|Building hope and sustaining a sense of community: This was seen as a key role for the Church. Revd Gina Radford said: “We are in uncharted territory. As church we must have a voice of peace and reassurance, as the one certainty we can hold onto is that God is with us and we must not lose sight of this amongst the panic.” This time is an important opportunity for the Church to connect with God’s holistic mission in the world.
Communicating factual information: The Church needs to be a trusted and reliable source of information. Church leaders need to provide accurate information with a pastoral perspective. Being rational and factual is very important in the face of uncertainty. It is important that the Church follows official advice and issues guidance that is in line with national government information, as a lack of consistency in the messages people hear leads to confusion. For global information, here is a link to COVID-19 facts update and the Coronavirus webpage from the World Health Organisation.
Following official guidance: For example, Archdeacon Wong Tak Meng shared how, in Singapore, the Church has assisted with ‘circuit breaking’, that is, slowing the spread of the virus by temporarily suspending activities for certain parts of society, so the health system can cope. For example, in Singapore all churches were asked to inform their elderly members not to attend church for 14 days and senior citizen activities have been suspended, while all efforts are made to keep in touch virtually.
Meeting for worship safely: Guidance on whether people can congregate, and in what numbers, differs from country to country and is changing rapidly. Where people are still allowed to gather, churches are implementing a range of hygiene measures and physical distancing. In places where church membership is high, more services are being introduced at different times of the week in order to reduce numbers per service and provide scope for more physical distance between worshippers. Provinces are issuing specific guidance about practices such as providing hand cleaning supplies, sharing the peace without physical contact, distributing only the bread at the Eucharist, and, in some cases, pre-screening before entering the church, etc.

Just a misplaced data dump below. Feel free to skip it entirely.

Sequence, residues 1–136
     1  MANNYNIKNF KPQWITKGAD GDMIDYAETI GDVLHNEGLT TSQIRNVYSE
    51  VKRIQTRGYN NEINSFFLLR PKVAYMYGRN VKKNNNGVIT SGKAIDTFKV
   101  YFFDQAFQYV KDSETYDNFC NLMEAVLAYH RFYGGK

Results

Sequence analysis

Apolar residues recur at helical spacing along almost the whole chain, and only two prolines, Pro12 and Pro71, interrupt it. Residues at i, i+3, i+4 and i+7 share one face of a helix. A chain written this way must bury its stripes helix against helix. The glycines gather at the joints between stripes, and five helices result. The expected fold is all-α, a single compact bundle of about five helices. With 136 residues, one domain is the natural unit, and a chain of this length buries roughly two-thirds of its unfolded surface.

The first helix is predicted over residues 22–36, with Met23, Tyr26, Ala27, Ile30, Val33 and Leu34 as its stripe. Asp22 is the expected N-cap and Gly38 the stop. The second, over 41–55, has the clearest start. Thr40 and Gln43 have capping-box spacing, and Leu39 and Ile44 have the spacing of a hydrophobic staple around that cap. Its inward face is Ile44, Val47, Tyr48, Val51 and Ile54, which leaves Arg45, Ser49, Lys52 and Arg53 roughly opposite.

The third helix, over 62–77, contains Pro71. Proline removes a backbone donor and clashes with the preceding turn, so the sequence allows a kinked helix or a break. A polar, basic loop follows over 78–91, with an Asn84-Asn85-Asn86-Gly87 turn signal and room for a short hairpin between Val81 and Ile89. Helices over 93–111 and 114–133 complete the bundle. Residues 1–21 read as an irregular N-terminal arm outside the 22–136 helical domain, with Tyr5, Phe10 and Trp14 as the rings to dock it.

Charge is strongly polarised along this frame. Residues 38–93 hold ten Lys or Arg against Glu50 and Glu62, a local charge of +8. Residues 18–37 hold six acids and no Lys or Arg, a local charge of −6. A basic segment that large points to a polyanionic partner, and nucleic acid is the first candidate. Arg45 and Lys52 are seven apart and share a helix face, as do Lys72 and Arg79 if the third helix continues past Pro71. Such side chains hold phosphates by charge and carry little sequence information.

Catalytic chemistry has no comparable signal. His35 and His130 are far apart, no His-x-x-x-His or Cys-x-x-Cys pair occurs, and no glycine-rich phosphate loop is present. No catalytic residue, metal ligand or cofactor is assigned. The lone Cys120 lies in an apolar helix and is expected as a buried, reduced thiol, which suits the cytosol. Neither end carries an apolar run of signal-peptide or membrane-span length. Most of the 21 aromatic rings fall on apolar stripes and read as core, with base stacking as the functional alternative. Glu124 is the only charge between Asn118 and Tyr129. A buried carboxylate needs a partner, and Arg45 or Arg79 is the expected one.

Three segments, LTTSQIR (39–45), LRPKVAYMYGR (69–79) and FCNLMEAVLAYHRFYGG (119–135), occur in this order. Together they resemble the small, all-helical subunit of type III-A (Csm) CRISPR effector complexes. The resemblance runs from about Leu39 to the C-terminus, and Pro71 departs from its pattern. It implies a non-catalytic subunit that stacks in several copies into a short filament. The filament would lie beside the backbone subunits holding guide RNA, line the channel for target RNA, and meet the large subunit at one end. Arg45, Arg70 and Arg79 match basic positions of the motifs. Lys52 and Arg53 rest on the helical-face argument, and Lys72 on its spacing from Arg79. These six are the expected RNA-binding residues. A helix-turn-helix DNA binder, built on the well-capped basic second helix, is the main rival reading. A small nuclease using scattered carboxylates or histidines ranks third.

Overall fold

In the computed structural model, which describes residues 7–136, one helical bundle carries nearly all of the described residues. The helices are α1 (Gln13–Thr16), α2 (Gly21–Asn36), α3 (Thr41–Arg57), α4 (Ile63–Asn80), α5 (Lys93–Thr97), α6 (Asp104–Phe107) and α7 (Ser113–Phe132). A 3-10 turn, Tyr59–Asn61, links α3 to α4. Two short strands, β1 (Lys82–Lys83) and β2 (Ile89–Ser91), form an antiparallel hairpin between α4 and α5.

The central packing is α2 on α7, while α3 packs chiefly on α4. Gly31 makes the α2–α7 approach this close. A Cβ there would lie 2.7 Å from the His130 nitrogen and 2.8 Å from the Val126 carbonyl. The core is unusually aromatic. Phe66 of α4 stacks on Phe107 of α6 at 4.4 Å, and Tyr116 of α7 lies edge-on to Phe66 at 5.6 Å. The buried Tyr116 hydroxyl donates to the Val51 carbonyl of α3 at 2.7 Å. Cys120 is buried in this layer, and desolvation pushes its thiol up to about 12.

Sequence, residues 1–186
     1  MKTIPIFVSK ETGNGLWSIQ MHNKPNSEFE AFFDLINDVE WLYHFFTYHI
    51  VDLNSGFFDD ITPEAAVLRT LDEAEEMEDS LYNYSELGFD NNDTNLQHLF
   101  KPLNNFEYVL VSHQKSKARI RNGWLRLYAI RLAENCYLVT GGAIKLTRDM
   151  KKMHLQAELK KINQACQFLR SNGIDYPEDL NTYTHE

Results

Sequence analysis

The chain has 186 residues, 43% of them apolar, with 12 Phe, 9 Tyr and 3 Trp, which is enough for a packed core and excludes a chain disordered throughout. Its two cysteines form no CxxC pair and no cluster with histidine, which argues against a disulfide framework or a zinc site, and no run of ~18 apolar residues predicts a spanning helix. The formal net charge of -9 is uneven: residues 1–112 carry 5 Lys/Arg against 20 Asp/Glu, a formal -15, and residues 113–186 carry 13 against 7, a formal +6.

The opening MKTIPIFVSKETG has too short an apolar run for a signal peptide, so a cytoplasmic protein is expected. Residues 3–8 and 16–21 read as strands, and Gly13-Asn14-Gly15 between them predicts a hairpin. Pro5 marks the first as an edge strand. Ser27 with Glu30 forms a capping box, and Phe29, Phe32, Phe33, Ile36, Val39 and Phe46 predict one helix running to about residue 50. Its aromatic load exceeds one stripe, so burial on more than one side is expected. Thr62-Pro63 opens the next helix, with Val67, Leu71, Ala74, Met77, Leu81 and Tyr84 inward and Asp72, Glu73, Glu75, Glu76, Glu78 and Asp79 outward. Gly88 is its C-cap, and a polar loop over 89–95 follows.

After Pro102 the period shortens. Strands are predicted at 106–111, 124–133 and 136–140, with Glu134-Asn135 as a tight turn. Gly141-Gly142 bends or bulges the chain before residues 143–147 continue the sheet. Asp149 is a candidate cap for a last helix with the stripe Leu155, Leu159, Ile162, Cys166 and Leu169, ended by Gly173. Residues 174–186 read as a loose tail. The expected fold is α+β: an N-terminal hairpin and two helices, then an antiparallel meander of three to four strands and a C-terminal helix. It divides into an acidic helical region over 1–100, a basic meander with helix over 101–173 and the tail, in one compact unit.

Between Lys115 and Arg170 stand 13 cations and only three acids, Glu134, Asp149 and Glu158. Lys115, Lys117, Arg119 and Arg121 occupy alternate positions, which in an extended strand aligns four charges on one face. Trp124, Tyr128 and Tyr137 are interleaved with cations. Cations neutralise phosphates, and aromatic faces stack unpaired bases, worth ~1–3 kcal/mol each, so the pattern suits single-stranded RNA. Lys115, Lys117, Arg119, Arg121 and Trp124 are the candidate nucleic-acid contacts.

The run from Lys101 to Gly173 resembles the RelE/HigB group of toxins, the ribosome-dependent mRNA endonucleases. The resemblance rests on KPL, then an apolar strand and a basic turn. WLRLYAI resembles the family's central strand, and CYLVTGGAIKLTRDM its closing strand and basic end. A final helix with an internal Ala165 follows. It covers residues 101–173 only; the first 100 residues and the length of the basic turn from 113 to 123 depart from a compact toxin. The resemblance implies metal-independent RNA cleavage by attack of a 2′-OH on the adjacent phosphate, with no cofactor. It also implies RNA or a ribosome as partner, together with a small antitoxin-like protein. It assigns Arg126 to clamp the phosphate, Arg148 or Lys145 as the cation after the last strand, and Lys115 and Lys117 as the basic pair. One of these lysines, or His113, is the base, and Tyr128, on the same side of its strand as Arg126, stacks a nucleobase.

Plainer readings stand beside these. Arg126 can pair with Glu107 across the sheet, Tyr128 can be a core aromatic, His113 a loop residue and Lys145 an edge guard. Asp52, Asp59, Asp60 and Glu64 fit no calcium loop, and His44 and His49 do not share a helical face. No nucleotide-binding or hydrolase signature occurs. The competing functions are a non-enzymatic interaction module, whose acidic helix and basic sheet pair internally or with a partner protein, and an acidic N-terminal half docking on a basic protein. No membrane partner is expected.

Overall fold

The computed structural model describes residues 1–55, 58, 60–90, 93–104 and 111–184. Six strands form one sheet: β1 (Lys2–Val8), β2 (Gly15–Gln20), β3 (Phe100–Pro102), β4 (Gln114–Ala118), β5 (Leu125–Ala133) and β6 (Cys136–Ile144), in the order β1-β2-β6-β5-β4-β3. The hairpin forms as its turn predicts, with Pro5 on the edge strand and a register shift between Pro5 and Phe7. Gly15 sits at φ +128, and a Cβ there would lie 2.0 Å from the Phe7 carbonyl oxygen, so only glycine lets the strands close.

Maintaining worshipping life when we can’t meet in traditional ways: In many places, mass gatherings are now banned, meaning church services cannot take place for the time being. Even where not mandated, Archdeacon Wong said, “temporary suspension of church activities might be advisable to isolate people and buy time to put in place corporate social responsibility measures such as hand sanitisation, modified liturgical practices, health screening, contact tracing and physical distancing so as to resume gatherings with a new baseline. Take time to develop alternate worship and pastoral care arrangements that will serve sustainably for 12-18 months.”
Across the Communion, people are responding creatively to suspending traditional meetings for worship, where possible using social media, recording and live streaming of services and sermons to maintain a pattern of ‘collective’ worship.
However, it was recognised that some church members, especially the elderly or those without digital access, may find it difficult to engage with this, either technologically or emotionally, so alternatives are also being sought. Ideas being tried include people sharing in a service individually at a set time with a common prayer sheet delivered, ringing the church bell to signify that people are praying at home, and gathering (where allowed) in homes in small numbers to share in a service, a Bible study or to watch a live stream or recording together.
Addressing the emotional gap: Bishop Michael Beasley, who heads up the Anglican Health Network and is a former epidemiologist, shared learning from former epidemics that is relevant to our response to COVID-19. In particular, Bishop Michael said: “We found that very good, high quality and extensive health information was being offered to the community from bodies such as the World Health Organization, but it wasn’t touching on the emotional side of how people were responding to the outbreak. There was a great deal of fear; there wasn’t much happening to build trust. What churches identified was that they could be really helpful in building trust and hope within that situation and countering fear”.
Countering misinformation: Bishop Michael also reflected on how a major feature of epidemics is the massive amount of misinformation, rumour and confusion that can circulate. This perhaps has a parallel with our situation now, looking at the ideas circulating on social media about COVID-19. The Church needs to ask itself how we can be authoritative, reliable and provide helpful and accurate sources of information.
Asked about the best way to deal with suspicion, judgment and blame, Bishop Michael advised that telling people they are wrong is not helpful. Instead, listen to people’s fears and speak the truth with authority.
Providing relevant resources: To address the situation in previous epidemics a series of bible studies has been created, which looked at fear, hope, preventing transmission and caring for affected communities and individuals. This resource is being revised for use in the current outbreak of COVID-19 and will be shared through this site shortly.